Cracks in the Constitution


The Birth of a Transfer Society, by Terry L. Anderson and Peter J. Hill, Stanford, Calif: Hoover Institution Press, 1980, 114 pp., $6.95 paper.

We lawyers are very jealous of attempts by "laymen" (here, economists) to explain the evolution of American jurisprudence. It is fortunate that Professors Anderson and Hill were not dissuaded by this fact from studying legal history, because they arrive at an analytical framework that is useful for the lawyer and nonlawyer alike. The authors forgo the usual narrow framework for tracing legal precedent and instead apply a historical, economic analysis.

A book that discusses constitutional history evokes the image of an unreadable tome, filled with legalese and obscurities. In contrast, although The Birth of a Transfer Society admirably handles the complete legal and economic history of the United States, it is readable and downright interesting. Anderson and Hill have presented an unusually clear and easily communicated argument against governmental control of economic decisionmaking.

The central thesis of the book is that America was born as a production-oriented society, wherein the primary emphasis was on the creation of wealth. However, sometime between the American Revolution and today the economic and legal systems got sidetracked, and the society shifted its emphasis from production of wealth to transfer of wealth.

The distinction between a productive society and a transfer society has concrete implications. The process of production and voluntary exchange is a positive-sum game: it enlarges the size of the economic pie so that everyone is better off. Transfer activity is a negative-sum game: resources are expended in the redistributive process of lobbying, litigating, and regulating. The size of the societal economic pie is reduced as people squabble over the division of the pieces.

The authors present strong evidence that the dominant political philosophy upon which the Constitution was based implicitly recognized the dangers of overinvolvement in transfer activity. The Founding Fathers realized that economic growth stemming from free transfer of property is the best means of providing equal opportunity and eliminating poverty and that these results do not arise from redistribution of property rights among citizens. According to the authors, the most significant time period for the metamorphosis of America to a transfer society was between the Civil War and World War I, when the legal basis of a transfer society was established. Despite its focus on this crucial time, the book does not concentrate entirely on the 19th century; it contains a valuable section highlighting the more recent growth of transfer activity.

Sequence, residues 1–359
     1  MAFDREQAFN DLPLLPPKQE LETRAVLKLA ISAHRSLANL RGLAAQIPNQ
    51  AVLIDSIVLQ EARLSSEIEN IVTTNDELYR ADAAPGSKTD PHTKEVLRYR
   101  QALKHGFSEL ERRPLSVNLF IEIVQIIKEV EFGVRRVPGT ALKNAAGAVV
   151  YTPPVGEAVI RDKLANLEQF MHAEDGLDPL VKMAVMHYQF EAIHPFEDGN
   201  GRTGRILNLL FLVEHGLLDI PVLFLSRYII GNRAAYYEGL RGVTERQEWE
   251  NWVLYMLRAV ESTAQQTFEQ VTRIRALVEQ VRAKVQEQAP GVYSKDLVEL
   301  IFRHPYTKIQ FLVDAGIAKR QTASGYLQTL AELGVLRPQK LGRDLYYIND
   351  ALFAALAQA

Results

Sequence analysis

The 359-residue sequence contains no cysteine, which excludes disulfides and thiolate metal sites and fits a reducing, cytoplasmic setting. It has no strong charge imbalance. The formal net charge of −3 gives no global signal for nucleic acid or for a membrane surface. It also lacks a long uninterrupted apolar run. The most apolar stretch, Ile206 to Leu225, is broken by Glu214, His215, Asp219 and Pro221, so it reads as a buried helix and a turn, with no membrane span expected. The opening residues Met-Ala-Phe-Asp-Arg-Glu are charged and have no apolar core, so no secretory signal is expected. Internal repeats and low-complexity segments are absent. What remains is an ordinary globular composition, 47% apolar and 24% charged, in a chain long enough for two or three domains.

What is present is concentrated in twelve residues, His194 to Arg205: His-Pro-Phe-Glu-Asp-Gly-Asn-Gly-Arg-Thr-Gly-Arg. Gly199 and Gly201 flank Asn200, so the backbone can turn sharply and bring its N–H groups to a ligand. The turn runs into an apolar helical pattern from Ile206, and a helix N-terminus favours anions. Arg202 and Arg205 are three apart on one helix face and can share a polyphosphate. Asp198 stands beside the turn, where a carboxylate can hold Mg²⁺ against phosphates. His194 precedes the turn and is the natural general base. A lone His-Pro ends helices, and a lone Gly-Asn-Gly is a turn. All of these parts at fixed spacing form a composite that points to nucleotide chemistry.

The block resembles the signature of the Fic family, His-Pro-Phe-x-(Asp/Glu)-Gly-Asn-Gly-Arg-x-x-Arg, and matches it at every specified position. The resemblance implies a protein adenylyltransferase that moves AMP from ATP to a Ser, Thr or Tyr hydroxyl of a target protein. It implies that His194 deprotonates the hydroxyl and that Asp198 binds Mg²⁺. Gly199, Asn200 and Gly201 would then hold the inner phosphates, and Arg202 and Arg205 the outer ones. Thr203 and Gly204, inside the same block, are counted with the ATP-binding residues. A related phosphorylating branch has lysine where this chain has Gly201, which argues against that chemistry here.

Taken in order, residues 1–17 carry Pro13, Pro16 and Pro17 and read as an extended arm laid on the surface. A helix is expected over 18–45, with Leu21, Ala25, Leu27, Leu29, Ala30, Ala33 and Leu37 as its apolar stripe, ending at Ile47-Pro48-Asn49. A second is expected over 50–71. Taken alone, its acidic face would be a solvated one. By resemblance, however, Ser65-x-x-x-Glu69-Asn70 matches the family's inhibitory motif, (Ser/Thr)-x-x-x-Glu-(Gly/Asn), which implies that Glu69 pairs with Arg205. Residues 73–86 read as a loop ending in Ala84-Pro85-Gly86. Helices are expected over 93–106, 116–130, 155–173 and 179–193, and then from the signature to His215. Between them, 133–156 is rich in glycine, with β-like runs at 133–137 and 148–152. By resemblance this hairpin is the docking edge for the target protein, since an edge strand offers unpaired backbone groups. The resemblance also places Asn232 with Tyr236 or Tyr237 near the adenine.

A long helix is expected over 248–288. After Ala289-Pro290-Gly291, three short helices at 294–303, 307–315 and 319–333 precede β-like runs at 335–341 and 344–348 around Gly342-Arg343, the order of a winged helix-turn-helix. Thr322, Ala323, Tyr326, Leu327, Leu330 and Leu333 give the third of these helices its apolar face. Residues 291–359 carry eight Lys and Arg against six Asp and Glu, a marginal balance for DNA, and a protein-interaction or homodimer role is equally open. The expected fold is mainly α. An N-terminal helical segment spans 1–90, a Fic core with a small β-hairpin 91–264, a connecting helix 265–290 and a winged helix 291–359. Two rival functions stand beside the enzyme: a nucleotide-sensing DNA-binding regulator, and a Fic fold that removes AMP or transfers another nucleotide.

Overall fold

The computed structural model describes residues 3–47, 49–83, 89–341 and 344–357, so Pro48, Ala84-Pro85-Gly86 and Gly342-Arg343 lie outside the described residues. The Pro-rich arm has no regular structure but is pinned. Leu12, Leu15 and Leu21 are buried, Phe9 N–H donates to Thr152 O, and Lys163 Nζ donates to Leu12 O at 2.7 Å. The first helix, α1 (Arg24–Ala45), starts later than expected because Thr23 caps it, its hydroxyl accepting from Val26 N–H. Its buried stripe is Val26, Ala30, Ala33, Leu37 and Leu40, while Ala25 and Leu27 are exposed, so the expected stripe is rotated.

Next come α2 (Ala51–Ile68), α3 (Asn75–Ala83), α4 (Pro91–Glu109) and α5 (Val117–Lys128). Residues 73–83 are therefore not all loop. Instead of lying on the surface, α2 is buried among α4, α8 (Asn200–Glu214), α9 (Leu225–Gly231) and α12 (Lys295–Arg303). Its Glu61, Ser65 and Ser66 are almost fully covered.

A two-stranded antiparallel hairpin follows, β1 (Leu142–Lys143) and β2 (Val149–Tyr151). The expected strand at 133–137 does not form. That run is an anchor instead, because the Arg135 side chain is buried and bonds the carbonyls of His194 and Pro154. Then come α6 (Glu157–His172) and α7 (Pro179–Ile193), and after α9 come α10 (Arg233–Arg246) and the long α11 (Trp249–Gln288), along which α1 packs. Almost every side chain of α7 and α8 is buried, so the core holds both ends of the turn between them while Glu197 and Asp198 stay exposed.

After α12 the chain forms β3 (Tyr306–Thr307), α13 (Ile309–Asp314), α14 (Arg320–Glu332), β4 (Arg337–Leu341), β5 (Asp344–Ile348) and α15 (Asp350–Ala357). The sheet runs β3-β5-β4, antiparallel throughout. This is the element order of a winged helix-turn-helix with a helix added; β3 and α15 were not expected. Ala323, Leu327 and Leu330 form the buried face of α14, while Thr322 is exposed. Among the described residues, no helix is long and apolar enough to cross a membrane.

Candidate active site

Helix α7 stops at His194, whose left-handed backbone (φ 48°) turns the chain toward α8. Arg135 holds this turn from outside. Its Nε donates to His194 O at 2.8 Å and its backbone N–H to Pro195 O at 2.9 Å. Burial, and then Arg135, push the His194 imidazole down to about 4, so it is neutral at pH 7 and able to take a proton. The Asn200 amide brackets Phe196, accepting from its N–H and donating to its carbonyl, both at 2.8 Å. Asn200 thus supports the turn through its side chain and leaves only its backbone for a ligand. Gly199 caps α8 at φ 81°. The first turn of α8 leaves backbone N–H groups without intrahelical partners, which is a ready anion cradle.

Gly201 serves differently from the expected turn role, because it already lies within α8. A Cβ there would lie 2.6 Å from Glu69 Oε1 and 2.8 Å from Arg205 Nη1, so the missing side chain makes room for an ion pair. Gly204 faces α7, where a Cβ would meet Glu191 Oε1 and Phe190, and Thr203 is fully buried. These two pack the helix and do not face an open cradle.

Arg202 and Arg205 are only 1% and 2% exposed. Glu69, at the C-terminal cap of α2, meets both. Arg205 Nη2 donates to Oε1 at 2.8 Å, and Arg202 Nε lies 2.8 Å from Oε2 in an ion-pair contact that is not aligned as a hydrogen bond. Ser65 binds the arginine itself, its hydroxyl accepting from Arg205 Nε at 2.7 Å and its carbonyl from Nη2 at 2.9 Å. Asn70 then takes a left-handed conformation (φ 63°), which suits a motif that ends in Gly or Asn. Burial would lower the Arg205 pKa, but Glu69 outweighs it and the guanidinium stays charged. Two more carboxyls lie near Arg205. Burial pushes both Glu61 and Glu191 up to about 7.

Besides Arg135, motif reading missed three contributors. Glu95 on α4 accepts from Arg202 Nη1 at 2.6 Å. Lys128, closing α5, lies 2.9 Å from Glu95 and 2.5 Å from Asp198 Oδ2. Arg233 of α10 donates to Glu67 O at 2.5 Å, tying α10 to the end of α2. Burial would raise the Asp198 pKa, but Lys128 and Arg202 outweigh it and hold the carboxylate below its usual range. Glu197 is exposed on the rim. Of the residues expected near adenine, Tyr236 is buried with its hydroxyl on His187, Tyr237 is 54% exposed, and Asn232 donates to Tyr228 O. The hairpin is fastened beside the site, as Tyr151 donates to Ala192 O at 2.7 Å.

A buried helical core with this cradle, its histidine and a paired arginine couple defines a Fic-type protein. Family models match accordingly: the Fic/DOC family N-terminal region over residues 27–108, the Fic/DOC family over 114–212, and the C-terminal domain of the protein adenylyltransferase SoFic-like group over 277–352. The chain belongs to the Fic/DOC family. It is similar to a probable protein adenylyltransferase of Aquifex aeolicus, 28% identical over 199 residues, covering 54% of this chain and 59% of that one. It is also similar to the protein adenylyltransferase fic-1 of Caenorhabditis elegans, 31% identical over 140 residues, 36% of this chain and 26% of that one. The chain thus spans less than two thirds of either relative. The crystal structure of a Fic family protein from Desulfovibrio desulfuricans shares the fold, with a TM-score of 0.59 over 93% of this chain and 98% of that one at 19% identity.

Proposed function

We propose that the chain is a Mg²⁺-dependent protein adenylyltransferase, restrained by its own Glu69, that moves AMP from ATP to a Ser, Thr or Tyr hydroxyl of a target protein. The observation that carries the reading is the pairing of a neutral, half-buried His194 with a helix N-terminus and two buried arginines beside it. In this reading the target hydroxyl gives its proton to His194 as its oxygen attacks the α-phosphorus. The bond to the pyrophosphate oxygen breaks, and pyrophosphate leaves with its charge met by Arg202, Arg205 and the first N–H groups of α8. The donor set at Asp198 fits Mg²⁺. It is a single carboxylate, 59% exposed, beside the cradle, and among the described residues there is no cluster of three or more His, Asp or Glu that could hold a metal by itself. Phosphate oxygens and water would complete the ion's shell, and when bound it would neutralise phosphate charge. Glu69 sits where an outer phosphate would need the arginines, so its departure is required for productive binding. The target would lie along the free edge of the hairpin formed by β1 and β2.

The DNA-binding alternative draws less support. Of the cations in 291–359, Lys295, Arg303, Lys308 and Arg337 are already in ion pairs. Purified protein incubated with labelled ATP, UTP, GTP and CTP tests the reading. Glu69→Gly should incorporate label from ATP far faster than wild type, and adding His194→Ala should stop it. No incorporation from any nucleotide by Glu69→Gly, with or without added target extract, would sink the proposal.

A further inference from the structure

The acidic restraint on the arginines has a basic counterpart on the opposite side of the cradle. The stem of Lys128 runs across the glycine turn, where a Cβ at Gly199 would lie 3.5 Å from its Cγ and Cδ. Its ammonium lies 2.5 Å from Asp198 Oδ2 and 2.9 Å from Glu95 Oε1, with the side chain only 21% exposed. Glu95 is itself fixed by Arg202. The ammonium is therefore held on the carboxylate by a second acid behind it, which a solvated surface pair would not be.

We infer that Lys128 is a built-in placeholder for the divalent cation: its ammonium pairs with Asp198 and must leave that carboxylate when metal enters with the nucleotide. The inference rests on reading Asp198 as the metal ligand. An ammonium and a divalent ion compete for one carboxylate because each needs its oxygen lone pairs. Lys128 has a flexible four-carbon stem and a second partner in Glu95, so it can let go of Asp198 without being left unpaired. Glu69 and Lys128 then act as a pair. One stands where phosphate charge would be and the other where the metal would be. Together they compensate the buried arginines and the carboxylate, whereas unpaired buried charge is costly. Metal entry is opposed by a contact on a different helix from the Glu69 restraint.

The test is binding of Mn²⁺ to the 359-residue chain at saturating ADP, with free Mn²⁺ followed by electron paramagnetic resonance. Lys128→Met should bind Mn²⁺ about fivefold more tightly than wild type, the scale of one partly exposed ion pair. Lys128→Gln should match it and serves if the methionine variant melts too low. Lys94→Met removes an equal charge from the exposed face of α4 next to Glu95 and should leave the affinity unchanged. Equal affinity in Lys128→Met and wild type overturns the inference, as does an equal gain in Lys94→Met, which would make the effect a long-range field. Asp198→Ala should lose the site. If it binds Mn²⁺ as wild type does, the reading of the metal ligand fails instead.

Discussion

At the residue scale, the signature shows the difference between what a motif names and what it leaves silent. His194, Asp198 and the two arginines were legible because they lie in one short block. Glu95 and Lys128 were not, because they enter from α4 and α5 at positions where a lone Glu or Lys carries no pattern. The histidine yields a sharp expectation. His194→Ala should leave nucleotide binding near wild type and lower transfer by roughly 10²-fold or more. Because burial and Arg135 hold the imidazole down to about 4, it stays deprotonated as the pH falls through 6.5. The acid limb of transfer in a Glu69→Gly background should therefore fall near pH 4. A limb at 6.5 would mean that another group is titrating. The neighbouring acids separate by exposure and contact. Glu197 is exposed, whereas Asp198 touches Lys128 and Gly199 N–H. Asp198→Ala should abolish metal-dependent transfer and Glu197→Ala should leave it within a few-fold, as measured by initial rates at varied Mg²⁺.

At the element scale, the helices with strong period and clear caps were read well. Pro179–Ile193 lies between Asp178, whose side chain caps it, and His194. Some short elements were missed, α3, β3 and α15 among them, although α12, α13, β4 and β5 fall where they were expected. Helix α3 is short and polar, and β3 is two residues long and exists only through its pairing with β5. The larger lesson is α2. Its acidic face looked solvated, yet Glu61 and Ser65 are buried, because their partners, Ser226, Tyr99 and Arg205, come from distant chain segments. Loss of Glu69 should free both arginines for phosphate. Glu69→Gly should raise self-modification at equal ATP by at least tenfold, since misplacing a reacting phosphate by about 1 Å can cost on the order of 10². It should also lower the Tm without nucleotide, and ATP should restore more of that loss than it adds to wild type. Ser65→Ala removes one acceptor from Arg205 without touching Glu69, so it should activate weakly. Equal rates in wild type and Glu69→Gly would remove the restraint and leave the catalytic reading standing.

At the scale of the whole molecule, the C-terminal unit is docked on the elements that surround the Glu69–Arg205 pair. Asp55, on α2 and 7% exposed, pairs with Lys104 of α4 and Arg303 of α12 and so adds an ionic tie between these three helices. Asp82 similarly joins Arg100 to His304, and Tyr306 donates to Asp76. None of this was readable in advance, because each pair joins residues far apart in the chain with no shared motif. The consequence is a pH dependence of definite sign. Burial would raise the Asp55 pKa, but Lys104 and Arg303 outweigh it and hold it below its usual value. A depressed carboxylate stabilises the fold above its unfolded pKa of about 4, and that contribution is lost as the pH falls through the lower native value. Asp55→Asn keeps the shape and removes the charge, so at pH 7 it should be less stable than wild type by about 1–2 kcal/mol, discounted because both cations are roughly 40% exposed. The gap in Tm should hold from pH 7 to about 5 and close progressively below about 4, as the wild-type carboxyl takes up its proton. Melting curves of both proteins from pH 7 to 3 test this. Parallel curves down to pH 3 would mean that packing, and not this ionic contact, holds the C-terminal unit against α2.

Three main constitutional provisions that originally minimized transfer activity are analyzed by Hill and Anderson. The contract clause was emasculated by the early 19th century and never regained viability. The commerce clause, prior to the Civil War, was "a negative check on state interference with interstate commerce rather than a positive guide for federal intervention." The "positive" application of the commerce clause, however, has provided the legal basis for most 20th-century federal excesses. The third significant constitutional protection was the due process requirement, embodied in the Fifth and Fourteenth Amendments to the Constitution. Although substantive due process was the basis for invalidating many state economic regulations prior to the 1930s, the authors criticize it for failing to offer firm protection of vested property rights because it was based on a definition of reasonableness that changed over time.

Hill and Anderson also discuss the implications of legal decisions that broadened the authority of the legislative branch to delegate powers to the executive (thus encouraging "tyranny of the minority" by requiring special interest groups to convince only a small regulatory board rather than an entire legislature in order to obtain favorable laws), expanded state police power, and strengthened the taxing power.

As an attorney who has spent many hours studying constitutional history, I might dispute which of the thousands of cases decided by the US Supreme Court in the last two centuries mark turning points in policy. I would be inclined to place more emphasis on substantive due process as a means of protecting economic freedoms and to place less historic significance than did the authors on the broadening of public interest regulation in the Supreme Court's 1877 Munn v. Illinois decision.

These are, however, at most minor criticisms—and are primarily just differences in interpretation. Although the details of legal history might be disputed, the central point expressed in Birth of a Transfer Society is compelling and virtually irrefutable: a vast change has taken place since the creation of this nation. The exact point at which the change occurred may be subject to debate; the more significant fact that a change did occur is not.

In proposing a solution to the growth of transfer activity, the authors reject an incremental approach and instead argue for the amendment or general rewriting of the Constitution to achieve a clearer definition of individual property rights. They present a persuasive argument that the rules limiting transfer activity must be made difficult to change; otherwise, the process of jockeying for preferential treatment will continue. Although incremental changes may not provide an end to transfer activity, I am optimistic that The Birth of a Transfer Society may minimize our proclivity toward governmental decisionmaking, even without a rewriting of the Constitution.

Gale Norton is a senior attorney with the Mountain States Legal Foundation.